Every week, diabetes leads to 30 people developing sight loss and over 169 amputations. But only 17 per cent of people in the UK think that diabetes is serious.
We need to challenge the view that diabetes isn’t anything to worry about. With your help, we can change people's views on diabetes and help prevent these devastating complications. Through explaining the risk of complications to patients and using our helpful resources, you can help us create a world where diabetes can do no harm.
Over the next six months we'll be running an awareness campaign, Be in the Know, to highlight the seriousness of diabetes and the support available to prevent diabetes complications. As we campaign to empower people with diabetes with the knowledge and support they need, we also want to support healthcare professionals by providing resources to use with your patients.
How can we help?
Talking about diabetes
Conversations about diabetes complications can be difficult for both patients and healthcare professionals. Here are some top tips from healthcare professionals on how to have difficult conversations with people with diabetes.
For further guidance on conversations about complications you can read NHS England’s Language Matters document on Language and Diabetes
Information Prescriptions are a personalised single side of A4, which include easy-to-read explanations, clear images and individual goals to help prevent diabetes health complications. They are designed to give people with diabetes the information they need to understand, engage with and improve on their health targets.
All of our Information Prescriptions are built into primary care IT systems. To install them on your IT system, you can download a step-by-step guide on how to activate them.
Feet Information Prescriptions
We've developed two new Information Prescriptions on feet, depending on someone's level of foot risk:
- low risk – for people with diabetes who have no risk or low risk of foot complications.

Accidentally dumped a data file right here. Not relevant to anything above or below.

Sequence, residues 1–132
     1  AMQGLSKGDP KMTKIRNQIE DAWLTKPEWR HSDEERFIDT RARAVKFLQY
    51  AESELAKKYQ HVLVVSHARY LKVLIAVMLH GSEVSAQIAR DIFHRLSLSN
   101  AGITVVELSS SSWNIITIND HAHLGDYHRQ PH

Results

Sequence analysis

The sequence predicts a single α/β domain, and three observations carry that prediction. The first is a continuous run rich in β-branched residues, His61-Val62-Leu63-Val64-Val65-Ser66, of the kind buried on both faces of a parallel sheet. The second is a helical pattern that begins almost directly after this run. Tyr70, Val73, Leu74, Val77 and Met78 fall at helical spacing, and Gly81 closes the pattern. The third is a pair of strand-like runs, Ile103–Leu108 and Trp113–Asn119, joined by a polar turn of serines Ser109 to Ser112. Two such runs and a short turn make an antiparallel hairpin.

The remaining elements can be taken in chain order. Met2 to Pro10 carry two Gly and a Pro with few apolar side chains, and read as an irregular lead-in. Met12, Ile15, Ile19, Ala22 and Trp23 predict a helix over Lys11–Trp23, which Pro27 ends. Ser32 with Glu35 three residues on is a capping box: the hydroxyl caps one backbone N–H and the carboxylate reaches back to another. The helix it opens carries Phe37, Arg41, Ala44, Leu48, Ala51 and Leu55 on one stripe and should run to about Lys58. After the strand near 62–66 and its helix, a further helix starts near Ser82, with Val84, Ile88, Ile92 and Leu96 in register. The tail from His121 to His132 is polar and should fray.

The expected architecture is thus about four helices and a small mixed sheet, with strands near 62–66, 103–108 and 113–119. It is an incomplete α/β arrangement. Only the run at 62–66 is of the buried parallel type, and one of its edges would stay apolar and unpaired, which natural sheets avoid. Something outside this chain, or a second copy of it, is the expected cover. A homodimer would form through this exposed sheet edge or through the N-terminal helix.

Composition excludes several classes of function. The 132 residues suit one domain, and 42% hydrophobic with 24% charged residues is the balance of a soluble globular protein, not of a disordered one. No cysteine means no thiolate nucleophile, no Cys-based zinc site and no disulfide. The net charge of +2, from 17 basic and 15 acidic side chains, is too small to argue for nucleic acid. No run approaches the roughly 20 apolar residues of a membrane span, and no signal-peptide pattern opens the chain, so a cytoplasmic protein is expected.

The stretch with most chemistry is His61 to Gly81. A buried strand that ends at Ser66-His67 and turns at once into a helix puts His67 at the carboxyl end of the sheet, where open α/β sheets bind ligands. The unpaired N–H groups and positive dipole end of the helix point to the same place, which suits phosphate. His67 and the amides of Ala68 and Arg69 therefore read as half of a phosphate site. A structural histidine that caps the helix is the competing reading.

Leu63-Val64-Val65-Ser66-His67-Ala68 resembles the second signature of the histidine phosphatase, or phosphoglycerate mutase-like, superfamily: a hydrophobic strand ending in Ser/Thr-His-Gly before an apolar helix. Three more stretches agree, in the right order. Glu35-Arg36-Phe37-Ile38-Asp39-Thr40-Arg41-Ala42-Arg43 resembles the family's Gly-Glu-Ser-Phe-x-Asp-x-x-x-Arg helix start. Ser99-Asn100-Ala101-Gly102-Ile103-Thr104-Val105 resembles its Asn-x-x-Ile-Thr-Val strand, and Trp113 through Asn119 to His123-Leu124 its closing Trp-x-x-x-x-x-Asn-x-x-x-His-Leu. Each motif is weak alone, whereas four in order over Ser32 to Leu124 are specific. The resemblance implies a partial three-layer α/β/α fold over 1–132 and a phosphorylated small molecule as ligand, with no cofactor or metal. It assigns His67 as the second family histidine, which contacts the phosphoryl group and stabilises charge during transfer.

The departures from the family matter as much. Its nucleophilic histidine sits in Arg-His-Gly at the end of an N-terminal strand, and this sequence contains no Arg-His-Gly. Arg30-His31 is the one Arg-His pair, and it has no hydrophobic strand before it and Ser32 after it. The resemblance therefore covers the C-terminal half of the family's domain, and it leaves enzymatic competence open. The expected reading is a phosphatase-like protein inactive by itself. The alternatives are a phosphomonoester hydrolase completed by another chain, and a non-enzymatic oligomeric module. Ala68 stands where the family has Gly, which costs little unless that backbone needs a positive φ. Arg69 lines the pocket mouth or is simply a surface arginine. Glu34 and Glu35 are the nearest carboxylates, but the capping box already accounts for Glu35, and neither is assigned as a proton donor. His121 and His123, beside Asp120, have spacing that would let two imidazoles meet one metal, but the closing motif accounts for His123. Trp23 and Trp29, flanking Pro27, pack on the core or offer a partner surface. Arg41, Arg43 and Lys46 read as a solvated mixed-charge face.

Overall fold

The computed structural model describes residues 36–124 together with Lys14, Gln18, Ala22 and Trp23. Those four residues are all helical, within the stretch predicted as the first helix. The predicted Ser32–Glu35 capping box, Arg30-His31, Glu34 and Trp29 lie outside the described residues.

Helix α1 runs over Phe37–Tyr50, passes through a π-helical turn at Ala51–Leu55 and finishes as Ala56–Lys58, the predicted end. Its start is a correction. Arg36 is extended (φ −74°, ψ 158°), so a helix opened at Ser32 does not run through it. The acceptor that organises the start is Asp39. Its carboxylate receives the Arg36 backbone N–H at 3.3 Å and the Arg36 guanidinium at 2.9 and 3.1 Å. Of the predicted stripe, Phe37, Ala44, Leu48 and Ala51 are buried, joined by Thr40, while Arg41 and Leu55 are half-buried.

- moderate/high risk – for people with diabetes who are at risk of foot complications.
Psychological support for people with diabetes
Emotional or psychological problems are experienced by at least four in ten people with diabetes at any one time. Research shows this can impact a person's ability and motivation to self-manage and lead to poorer health outcomes, reduced quality of life and an increase in healthcare costs.
We know that conversations about diabetes and mental health can be difficult. Our mood Information Prescription is a useful tool to help you have a conversation about how a person is coping with their diabetes. You can access this through your primary care IT system or download it here.
Sharing good practice
Diabetes and footcare
Evidence shows that providing an integrated footcare pathway, with trained staff in foot protection services in the community and speedy access to multidisciplinary specialist teams, considerably lowers the risk of amputation.
Use our Resource Library to learn how other areas have improved footcare by reading our detailed case studies that show the power of service redesign to impact achievement of treatment targets or brief bright ideas that show new approaches to structured education.
Diabetes and psychological support
People with diabetes experience disproportionately high rates of mental health problems, such as depression, anxiety and eating disorders. Everyone with diabetes should have access to psychological treatment and support to reduce psychological distress and improve self-management. Our Resource Library has examples of good practice and tools to improve psychological care for people with diabetes.
15 Healthcare Essentials
Are you familiar with the 15 healthcare essentials we promote to people with diabetes? We believe every person with diabetes should receive these checks and services. Order free copies of our 15 Healthcare Essentials leaflet and share it with your patients.
We want to know more about how healthcare professionals talk about the seriousness of diabetes with their patients. To join the debate, you can take part in our short survey and be in with the chance to win one of four £50 Amazon vouchers for your efforts. Closing date for entries will be 31 July 2018.